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Final Debate: Obama, McCain Clash on Economy
    2008-10-16 09:11:46     Xinhua

U.S. Democratic presidential nominee Sen. Barack Obama (L) (D-IL) answers a question in his third presidential debate with Republican presidential nominee Sen. John McCain (C) (R-AZ) at Hofstra University in Hempstead, New York, October 15, 2008. [Photo: Xinhua/AFP]

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The war of words was intensified as U.S. presidential candidates John McCain and Barack Obama argued about who has a better economic plan in their final debate Wednesday night at Hofstra University, Hempstead, N.Y.

McCain asked his Democratic opponent Obama to clarify his relationship with Bill Ayers, a former 1960s radical who belonged to the Weather Underground.

"Mr. Ayers is not involved in this campaign, he has never been involved in my campaign, and he will not advise me in the White House," Obama said.

McCain's campaign has charged that Obama's association with Ayers should cause voters to question his judgment. Ayers was a founding member of the radical Weather Underground, a group that was involved in bombings in the early 1970s, including attacks on the Pentagon and the Capitol.

McCain and Obama went back-and-forth Wednesday over the negative rhetoric that has dominated the campaign trail in recent days.

McCain accused Obama of spending "more money on negative ads than any campaign in history." Obama hit back, saying that McCain's campaign had been running exclusively negative ads, and that the public found McCain to be running a more negative campaign than Obama.

Earlier, McCain shot back as Obama tried to liken him to the current president, telling his rival "I am not President Bush."

"If you want to run against President Bush, you should have run four years ago. I'm going to give a new direction to this economy and this country," the Arizona senator said at the start of the third presidential debate.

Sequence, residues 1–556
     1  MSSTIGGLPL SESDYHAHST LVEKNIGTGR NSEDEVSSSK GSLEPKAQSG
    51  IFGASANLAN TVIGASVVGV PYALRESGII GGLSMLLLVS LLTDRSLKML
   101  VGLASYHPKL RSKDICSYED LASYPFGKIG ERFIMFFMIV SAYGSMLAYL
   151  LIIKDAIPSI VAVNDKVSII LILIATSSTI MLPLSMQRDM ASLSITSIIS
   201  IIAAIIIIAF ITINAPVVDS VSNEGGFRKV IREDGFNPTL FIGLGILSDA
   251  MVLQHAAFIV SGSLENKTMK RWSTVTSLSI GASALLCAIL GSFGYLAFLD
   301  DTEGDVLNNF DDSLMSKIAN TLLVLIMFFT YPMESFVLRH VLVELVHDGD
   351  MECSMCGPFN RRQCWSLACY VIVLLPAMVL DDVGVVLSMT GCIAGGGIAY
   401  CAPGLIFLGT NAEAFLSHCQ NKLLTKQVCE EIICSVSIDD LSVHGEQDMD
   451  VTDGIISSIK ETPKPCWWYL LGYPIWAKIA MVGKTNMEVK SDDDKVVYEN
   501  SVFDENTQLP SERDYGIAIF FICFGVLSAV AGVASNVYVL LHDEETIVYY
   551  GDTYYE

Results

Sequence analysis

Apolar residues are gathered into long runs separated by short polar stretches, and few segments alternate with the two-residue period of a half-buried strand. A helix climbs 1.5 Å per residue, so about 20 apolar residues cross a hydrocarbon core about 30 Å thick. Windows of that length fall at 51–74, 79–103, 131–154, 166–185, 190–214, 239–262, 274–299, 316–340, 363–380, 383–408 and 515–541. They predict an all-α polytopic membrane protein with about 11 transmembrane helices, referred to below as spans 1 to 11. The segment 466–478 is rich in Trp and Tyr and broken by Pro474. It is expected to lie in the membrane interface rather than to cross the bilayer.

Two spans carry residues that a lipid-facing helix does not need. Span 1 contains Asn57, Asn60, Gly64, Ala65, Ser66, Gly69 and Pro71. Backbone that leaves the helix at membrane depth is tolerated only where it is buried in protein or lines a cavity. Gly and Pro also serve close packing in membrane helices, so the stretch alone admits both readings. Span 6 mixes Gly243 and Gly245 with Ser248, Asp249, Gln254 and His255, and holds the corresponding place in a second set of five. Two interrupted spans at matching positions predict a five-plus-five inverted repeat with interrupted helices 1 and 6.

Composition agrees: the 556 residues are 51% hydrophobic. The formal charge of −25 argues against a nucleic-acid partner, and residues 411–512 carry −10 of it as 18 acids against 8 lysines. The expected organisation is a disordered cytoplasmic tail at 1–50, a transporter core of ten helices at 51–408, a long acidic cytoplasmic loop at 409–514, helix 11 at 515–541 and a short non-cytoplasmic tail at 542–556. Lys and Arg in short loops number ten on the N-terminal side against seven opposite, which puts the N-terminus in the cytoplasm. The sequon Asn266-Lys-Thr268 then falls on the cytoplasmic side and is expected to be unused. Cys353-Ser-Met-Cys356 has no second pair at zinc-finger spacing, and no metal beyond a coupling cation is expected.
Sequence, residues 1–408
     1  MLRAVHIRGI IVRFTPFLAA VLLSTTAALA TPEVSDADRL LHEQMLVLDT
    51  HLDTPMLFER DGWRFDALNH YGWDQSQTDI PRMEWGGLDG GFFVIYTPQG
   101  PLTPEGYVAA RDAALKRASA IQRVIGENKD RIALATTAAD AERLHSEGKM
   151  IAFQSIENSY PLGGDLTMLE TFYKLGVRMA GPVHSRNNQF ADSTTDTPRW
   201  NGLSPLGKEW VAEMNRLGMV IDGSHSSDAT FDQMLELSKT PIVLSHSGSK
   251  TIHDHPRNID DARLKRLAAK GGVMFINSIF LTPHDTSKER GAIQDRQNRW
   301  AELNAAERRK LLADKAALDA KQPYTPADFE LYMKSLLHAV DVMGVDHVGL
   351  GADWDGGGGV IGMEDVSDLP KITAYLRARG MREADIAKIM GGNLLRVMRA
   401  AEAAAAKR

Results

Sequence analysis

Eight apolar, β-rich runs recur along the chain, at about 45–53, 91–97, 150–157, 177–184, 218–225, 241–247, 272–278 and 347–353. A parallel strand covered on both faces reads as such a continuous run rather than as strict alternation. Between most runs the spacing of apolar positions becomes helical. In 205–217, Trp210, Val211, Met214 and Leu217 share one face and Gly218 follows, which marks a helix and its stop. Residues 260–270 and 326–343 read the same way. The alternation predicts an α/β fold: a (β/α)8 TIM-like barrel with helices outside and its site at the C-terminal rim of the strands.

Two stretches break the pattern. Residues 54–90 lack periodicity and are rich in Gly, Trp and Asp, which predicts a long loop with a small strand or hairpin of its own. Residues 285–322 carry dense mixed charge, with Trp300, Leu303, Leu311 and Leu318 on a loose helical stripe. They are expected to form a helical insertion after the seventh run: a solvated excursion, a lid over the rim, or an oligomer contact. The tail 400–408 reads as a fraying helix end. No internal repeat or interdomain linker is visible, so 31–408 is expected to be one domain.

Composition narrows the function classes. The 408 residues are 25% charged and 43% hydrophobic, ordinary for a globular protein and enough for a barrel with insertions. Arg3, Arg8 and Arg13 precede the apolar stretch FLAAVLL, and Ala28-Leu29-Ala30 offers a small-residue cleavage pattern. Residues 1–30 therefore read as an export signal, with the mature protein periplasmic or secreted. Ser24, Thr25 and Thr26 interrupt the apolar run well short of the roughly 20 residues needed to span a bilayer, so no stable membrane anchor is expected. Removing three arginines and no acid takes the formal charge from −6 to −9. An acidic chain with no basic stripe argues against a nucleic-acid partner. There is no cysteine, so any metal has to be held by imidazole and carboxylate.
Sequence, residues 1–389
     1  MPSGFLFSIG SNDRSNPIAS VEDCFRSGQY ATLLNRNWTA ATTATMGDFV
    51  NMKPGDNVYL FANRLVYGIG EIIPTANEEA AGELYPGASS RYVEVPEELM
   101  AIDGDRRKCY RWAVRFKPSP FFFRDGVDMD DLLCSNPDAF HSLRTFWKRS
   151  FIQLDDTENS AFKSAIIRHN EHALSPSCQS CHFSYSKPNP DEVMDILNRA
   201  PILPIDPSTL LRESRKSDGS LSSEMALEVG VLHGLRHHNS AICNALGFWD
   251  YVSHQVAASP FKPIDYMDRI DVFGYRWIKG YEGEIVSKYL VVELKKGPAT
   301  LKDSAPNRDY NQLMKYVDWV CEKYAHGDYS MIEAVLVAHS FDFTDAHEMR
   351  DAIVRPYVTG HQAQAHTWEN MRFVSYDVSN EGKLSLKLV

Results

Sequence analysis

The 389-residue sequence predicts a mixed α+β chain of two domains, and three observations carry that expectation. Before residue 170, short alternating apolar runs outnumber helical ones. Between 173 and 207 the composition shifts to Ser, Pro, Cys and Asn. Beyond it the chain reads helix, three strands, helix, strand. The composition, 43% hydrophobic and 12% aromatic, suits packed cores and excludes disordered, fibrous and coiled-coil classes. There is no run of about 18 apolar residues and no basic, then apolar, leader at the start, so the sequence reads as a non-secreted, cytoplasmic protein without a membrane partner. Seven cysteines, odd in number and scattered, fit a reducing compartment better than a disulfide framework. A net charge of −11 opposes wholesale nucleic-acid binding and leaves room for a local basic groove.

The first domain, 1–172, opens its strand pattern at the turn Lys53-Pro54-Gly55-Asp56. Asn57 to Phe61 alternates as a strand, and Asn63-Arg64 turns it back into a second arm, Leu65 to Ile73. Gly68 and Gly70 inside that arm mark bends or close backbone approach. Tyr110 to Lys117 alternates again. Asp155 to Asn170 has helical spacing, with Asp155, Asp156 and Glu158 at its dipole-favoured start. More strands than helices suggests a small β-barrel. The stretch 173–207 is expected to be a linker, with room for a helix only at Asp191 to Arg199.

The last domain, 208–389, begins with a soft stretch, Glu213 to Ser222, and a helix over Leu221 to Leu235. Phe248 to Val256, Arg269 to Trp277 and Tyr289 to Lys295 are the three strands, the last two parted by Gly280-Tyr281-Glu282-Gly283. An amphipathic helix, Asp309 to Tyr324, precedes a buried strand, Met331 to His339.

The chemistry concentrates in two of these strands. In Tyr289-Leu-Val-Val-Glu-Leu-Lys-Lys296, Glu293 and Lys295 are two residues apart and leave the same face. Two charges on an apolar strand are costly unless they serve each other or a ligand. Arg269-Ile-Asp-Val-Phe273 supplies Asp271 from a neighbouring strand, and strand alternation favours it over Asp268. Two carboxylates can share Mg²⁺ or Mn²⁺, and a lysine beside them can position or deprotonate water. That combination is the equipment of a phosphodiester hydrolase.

McCain's remarks came after Obama charged that McCain is pursuing the same kind of policies as Bush.

Obama promised he would "go through the federal budget page by page, line by line, and cut programs that don't work" as president, echoing a vow his rival has made repeatedly.

McCain in turn promised an "across the board spending freeze," saying that he would balance the federal budget in four years and go on to name specific programs including subsidies for ethanol when moderator Bob Schieffer pressed both candidates to identify specific budget cuts they would make.

The candidates also butted heads over tax policy at the start of the debate. Obama said that "nobody likes taxes ... but we've got to pay for the core investments that make this economy strong."

McCain accused Obama of being a "class warrior" and asked why Obama would raise taxes on anybody during an economic crisis. Obama countered that both he and McCain want to cut taxes, but that his plan would cut taxes for "95 percent of American families," more than McCain's plan.

McCain insisted the government needed to help keep people in their homes, "putting a floor" under falling home ownership in the face of the mortgage crisis.

Obama charged that McCain's plan could end up being a giveaway to "the banks" rather than to homeowners.

The debate, comes as Obama, a Democrat from Illinois, continues to make gains in the polls. Obama currently leads McCain, a Republican from Arizona, by 8 percentage points, according to CNN's average of national surveys.

Obama on Wednesday also made some gains in key battleground states, according to CNN's Electoral Map. It's the pair's final face-off before the Nov. 4 Election.

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